The DIs described in the article by Rodriguez and colleagues join several previous examples of diagnostic algorithms that can reduce radiation exposure. Because of its very high (>99%) negative predictive value, serological measurement of S100-B protein shows potential to identify 20% to 30% of mild head trauma patients as having no need of imaging [67]. Traumatic brain injury, with an annual incidence of about two in 1,000, is the source of a huge proportion of CT-related ionizing doses, the highest (as measured in joule per kilogram of matter) when considering head CTs are focused entirely on one organ [8]. S100-B measurement is, however, not established as a systematic procedure in emergency departments, probably because its low specificity prevents it from fully replacing CT scan. Similarly, ultrasound detection of obstructive pyelolephritis is more and more often considered as an alternative to CT imaging [9]. Thoracic ultrasound in the diagnosis of pleural effusion, consolidation, pulmonary edema, and pneumothorax is also promising in this respect, but adequate validation studies are still missing [10].

The Case of Children

The use of ionizing radiation in pediatric examinations is of particular concern for two reasons: children are probably more vulnerable to radiation (because of a higher rate of mitosis) and have a longer life span to develop long-term effects. Parsimony in the use of CT is therefore particularly important in children. A good example is the 50% substitution over 4 years of ultrasound for CT in appendicitis diagnosis in the US, with no adverse consequences [11]. This rapid change in practice was possible because ultrasound for appendicitis exhibits both relatively high (>90%) negative and positive predictive values (NPVs and PPVs), which has permitted both excluding appendicitis based on ultrasound examination (high NPV) and triage of children directly to surgery without need for CT imaging (high PPV). An inflammation-related biomarker panel has also been proposed to raise NPV close to 100% [12].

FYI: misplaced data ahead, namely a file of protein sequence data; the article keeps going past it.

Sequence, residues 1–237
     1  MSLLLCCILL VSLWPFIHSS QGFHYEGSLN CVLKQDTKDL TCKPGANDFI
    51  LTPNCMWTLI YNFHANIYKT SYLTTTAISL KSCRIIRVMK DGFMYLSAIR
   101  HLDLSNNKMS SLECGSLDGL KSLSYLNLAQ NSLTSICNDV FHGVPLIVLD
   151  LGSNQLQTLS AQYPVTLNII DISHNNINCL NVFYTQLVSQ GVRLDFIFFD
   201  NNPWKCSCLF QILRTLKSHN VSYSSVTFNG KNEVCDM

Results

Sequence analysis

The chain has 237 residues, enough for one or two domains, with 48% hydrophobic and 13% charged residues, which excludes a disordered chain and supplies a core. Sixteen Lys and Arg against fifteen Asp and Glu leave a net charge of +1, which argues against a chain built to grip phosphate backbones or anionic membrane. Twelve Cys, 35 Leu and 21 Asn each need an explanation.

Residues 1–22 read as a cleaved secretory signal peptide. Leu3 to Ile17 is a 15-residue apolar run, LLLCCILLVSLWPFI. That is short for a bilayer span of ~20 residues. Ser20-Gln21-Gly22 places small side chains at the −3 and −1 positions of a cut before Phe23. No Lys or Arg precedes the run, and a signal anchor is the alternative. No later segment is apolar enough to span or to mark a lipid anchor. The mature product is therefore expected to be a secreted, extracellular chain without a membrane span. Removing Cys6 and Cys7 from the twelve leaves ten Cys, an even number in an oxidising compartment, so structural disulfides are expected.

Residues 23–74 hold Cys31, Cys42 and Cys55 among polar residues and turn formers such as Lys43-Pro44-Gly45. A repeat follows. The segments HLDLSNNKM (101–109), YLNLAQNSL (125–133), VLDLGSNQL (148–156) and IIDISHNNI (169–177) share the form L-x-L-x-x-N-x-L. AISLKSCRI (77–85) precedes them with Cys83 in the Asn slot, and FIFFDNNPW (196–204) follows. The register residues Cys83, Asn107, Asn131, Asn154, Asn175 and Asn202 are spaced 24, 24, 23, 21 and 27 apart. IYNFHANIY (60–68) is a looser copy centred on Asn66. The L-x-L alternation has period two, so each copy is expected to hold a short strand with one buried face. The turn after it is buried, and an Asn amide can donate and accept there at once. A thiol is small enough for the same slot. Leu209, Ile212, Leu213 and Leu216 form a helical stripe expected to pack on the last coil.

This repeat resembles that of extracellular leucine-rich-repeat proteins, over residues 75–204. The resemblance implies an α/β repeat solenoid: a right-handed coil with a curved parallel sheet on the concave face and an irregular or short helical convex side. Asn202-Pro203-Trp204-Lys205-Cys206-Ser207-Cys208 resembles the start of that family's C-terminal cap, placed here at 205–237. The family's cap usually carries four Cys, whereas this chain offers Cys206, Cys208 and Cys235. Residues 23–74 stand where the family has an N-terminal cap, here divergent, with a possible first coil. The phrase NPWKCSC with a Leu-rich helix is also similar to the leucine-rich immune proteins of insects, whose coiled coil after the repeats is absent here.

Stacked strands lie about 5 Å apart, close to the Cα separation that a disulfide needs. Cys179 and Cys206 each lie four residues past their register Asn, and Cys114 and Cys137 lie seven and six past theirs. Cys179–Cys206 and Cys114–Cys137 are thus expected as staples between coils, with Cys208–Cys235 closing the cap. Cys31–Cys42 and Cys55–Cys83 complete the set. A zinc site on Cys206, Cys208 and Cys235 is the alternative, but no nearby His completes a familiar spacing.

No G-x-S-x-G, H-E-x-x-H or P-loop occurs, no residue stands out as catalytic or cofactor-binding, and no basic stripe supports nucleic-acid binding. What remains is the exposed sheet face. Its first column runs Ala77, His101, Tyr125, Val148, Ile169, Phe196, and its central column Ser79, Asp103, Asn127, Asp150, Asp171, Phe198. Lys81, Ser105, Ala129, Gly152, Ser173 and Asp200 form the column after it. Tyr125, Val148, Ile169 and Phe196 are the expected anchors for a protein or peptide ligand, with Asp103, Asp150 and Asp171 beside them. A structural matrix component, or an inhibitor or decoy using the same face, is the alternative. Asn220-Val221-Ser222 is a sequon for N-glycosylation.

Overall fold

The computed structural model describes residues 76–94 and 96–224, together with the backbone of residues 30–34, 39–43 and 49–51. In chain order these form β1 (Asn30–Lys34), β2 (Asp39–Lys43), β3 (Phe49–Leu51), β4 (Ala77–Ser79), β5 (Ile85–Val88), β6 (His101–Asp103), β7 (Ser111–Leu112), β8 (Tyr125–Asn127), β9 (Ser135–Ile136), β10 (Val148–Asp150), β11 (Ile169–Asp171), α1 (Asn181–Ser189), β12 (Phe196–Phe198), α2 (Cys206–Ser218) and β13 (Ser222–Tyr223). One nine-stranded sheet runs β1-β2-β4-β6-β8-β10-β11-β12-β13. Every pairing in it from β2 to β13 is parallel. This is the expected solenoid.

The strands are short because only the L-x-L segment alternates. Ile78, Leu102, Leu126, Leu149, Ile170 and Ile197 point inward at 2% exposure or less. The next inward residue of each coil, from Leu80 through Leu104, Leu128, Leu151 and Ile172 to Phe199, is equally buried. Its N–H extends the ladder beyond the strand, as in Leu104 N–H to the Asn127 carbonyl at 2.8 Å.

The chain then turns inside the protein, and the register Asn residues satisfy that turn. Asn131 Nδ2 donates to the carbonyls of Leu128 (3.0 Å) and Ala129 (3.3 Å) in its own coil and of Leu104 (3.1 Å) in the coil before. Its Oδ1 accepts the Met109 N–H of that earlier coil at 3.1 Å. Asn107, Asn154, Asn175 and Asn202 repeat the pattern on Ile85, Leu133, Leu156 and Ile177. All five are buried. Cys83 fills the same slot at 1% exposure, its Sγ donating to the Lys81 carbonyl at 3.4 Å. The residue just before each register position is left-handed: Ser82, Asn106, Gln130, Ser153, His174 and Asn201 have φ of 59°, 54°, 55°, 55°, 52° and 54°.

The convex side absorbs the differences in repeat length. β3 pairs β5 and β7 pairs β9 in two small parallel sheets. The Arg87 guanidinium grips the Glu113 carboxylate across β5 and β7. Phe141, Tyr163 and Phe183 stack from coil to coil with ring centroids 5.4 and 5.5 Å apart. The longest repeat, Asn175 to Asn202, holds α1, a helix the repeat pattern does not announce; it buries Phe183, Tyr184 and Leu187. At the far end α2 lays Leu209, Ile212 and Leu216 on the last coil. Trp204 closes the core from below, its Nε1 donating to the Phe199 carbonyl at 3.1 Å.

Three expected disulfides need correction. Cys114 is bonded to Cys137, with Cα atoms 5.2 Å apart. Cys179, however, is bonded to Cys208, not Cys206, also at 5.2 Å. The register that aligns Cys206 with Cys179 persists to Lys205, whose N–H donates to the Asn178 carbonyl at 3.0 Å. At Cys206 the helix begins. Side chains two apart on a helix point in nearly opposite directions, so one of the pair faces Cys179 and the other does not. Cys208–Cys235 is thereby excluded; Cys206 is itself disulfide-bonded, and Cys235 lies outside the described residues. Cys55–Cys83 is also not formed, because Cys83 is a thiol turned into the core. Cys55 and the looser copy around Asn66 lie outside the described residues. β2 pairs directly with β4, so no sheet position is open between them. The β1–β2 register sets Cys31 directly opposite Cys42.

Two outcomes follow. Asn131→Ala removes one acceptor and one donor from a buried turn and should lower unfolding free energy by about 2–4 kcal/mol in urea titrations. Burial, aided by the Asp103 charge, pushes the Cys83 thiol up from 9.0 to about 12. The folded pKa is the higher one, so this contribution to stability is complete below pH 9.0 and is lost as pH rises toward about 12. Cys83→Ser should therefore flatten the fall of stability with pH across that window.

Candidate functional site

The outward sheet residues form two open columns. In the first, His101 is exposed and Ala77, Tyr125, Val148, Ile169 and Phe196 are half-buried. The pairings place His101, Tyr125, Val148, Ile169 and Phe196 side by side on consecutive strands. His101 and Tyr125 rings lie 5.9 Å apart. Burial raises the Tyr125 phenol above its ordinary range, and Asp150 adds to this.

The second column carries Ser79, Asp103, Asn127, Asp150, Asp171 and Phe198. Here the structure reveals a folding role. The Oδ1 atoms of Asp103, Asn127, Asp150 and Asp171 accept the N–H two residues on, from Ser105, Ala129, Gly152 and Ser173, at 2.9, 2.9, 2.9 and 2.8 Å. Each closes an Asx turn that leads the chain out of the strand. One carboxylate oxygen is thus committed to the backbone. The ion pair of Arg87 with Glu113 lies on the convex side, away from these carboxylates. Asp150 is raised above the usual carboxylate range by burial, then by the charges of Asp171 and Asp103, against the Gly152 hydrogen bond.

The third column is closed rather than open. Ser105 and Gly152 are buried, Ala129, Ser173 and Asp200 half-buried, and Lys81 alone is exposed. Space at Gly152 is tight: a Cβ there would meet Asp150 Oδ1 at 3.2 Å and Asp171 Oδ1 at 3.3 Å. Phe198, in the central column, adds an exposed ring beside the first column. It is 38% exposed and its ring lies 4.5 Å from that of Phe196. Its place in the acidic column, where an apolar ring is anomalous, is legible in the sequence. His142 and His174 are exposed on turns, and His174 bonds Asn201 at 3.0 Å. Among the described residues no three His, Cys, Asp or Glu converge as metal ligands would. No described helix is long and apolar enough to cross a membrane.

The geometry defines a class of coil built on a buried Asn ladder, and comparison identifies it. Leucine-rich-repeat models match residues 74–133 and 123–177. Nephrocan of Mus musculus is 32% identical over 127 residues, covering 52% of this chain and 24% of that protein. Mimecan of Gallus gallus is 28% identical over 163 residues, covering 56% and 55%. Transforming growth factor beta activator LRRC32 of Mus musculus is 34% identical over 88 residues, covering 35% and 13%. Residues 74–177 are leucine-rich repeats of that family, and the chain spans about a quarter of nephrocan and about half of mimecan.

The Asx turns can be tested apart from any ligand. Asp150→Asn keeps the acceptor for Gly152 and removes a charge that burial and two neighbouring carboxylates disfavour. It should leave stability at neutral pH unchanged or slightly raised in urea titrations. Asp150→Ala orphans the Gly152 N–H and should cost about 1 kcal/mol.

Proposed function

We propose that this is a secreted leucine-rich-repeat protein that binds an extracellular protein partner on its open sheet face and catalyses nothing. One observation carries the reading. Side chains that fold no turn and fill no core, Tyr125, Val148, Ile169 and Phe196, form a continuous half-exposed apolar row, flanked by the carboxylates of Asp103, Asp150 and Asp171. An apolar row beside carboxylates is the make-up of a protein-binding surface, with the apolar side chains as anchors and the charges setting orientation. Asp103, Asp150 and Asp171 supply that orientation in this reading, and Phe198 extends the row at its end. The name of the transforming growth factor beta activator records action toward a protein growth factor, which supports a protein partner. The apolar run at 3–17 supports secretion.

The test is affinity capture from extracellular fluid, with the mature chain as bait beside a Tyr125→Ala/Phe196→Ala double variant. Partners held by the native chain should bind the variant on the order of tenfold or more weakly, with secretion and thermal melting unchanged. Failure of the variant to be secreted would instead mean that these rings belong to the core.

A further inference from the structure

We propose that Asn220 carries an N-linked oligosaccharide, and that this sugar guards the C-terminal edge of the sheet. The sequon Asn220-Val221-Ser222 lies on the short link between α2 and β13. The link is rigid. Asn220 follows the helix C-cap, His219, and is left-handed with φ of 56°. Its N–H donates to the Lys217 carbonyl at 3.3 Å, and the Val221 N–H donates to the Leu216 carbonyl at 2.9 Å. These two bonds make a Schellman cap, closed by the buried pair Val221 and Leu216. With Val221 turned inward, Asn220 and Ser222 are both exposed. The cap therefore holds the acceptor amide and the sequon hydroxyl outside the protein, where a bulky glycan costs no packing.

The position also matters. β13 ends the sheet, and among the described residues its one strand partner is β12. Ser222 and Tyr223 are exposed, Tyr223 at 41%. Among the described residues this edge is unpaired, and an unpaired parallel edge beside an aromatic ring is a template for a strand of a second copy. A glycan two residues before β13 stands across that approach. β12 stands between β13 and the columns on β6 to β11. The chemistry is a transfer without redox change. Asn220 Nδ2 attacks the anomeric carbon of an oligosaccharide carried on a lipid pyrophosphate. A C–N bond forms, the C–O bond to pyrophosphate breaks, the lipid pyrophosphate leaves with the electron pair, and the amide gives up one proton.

Next Steps

One of the hurdles to CT use reduction is sometimes also the clinician’s reluctance to do without a powerful investigation tool that reduces the stress of uncertainty. The process of CT examination can, however, be stressful for patients; avoiding such anxiety—when safe to do so—might play a role in the recovery process. In addition to the data presented this week in PLOS Medicine, Rodriguez and colleagues also recently published the results of an original study showing patients’ increased willingness to discuss the pros and cons of CT prior to receiving imaging [13]. Facing the double challenge of high costs and evidence of cancer risk associated with accumulated low-dose radiation, research efforts should be promoted to identify new DIs based on biomarkers, clinical observation, and low or zero ionizing dose imaging tools and to evaluate those DIs that have already been proposed.

Author Contributions

Wrote the first draft of the manuscript: EL. Contributed to the writing of the manuscript: EL. Agree with the manuscript’s results and conclusions: EL. The author has read, and confirm that he meets, ICMJE criteria for authorship.

References